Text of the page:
3


The will of man is not shattered, but softened, bent, and guided; men are seldom forced by it to act, but they are constantly restrained from acting. Such a power does not destroy, but it prevents existence; it does not tyrannize, but it compresses, enervates, extinguishes, and stupefies a people, till each nation is reduced to nothing better than a flock of timid and industrious animals, of which convention is the shepherd.



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The Exterminating Angel (Luis Buñuel, 1962)



Text from Tocqueville's Democracy in America. (Altered, abridged, and with the original intent perverted.)

Tuesday, February 07, 2012

Mind Over Matter: Félix Fénéon on Trial


Among my favorite things are instances when people use their imagination to shift or transform reality in some small way, usually in their favor. One of the greatest examples of this is Robert Desnos reading palms at a concentration camp in the 1940s (previous post), an effort that surely couldn't have been any more desperate performed with the utmost naturalness.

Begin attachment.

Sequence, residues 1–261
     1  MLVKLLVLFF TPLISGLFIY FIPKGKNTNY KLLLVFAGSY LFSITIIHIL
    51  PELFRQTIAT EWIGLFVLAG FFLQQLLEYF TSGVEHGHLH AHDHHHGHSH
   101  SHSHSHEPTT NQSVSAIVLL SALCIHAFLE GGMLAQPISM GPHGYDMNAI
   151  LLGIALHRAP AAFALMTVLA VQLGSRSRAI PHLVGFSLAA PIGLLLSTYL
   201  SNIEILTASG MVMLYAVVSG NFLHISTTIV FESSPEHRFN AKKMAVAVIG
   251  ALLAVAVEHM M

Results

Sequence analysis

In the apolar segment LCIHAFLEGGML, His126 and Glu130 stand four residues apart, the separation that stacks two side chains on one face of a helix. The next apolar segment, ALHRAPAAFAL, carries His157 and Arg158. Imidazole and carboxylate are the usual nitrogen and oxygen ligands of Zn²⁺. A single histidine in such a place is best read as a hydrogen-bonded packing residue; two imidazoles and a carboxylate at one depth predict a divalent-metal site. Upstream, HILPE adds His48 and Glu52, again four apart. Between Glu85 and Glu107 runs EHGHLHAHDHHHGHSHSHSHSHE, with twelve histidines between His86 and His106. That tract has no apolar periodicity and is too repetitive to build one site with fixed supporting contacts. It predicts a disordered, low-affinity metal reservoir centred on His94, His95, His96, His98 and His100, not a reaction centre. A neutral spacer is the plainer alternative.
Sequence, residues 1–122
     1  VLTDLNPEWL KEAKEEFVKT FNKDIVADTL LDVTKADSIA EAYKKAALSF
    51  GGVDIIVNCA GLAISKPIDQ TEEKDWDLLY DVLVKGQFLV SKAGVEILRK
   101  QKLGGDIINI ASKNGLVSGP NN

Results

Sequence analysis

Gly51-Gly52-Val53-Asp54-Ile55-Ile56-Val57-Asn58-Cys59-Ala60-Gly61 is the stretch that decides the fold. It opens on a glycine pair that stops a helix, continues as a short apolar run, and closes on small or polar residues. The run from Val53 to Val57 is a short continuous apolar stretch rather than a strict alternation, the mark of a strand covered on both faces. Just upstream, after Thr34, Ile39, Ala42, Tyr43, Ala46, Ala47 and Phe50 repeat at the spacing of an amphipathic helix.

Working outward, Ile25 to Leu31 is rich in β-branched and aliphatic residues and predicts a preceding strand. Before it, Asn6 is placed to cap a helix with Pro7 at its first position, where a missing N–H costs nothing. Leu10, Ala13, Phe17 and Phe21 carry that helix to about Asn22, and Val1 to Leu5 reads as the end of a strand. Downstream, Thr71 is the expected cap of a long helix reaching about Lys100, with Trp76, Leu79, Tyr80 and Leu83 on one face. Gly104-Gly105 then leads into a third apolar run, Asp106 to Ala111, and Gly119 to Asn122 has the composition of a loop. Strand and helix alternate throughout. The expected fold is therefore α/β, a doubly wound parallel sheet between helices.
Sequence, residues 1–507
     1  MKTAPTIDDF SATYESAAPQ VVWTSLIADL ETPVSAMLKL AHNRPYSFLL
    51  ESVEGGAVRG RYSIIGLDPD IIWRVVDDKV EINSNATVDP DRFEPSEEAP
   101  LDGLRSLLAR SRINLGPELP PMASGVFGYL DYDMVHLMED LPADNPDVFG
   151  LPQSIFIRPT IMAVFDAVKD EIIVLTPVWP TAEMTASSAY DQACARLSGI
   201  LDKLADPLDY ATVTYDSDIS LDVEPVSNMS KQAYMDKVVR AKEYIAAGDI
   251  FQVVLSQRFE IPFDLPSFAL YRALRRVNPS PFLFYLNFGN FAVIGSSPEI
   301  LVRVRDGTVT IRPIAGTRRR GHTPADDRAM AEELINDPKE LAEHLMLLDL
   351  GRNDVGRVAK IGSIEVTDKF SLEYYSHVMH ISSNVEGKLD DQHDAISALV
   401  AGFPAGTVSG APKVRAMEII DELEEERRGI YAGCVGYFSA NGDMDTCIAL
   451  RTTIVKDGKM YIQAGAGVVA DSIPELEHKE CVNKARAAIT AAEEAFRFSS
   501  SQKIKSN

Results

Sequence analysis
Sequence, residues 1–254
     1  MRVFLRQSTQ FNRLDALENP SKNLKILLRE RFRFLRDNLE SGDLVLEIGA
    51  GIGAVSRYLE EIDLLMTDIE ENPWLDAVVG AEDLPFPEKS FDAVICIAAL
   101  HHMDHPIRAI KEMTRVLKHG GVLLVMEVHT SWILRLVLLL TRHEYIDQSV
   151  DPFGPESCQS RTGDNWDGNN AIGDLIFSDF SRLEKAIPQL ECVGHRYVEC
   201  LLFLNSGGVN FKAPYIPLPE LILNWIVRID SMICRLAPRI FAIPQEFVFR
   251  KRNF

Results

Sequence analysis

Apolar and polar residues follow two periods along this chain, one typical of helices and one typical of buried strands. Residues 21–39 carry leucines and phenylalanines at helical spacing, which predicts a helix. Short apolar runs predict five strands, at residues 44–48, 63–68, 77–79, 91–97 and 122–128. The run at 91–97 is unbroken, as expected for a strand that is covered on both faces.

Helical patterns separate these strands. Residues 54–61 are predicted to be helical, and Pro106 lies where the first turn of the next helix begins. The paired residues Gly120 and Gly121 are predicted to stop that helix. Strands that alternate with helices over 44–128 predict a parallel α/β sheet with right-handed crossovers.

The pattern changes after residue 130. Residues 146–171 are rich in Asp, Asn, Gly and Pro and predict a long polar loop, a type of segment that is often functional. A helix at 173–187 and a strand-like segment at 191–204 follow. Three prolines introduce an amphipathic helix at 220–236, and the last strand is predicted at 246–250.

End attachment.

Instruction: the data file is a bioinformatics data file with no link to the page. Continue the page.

What follows is another example of imaginative magic, also with high stakes.

* * *

The text, up until the next three asterisks, was collaged from Alastair Brotchie's Alfred Jarry: A Pataphysical Life (2011); Roger Shattuck's The Banquet Years (1955); The Anarchist Encyclopedia; Julian Barnes' review of Félix Fénéon's Novels in Three Lines; and Wikipedia.

Félix Fénéon mugshot, trial, anarchist
Félix Fénéon's mugshot


In the summer of 1894 began the mass trial of thirty ill-assorted men accused of anarchist leanings and treasonable acts. Among them was the prominent literary figure Félix Fénéon, an early champion of the impressionists. In the end, only three common criminals were found guilty from among the thirty so-called anarchists. (One of them, a butcher's apprentice, had been accused of stealing a pork chop from his employer.) This was not a little to do with Fénéon's phlegmatic and expressionless ripostes from the dock, which reduced the proceedings to a simple farce.

"Are you an anarchist, M. Fénéon?"
"I am a Burgundian born in Turin."
"Your police file extends to one hundred and seventy pages. It is documented that you were intimate with the German terrorist Kampfmeyer."
"The intimacy cannot have been great as I do not speak German and he does not speak French." (Laughter in courtroom.)
"It has been established that you surrounded yourself with Cohen and Ortoz."
"One can hardly be surrounded by two persons; you need at least three." (More laughter.)
"You were seen conferring with them behind a lamppost!"
"Can you tell me, Monsieur le Président, which side of a lamp post is its back?" (Loud, prolonged laughter. Judge calls for order.)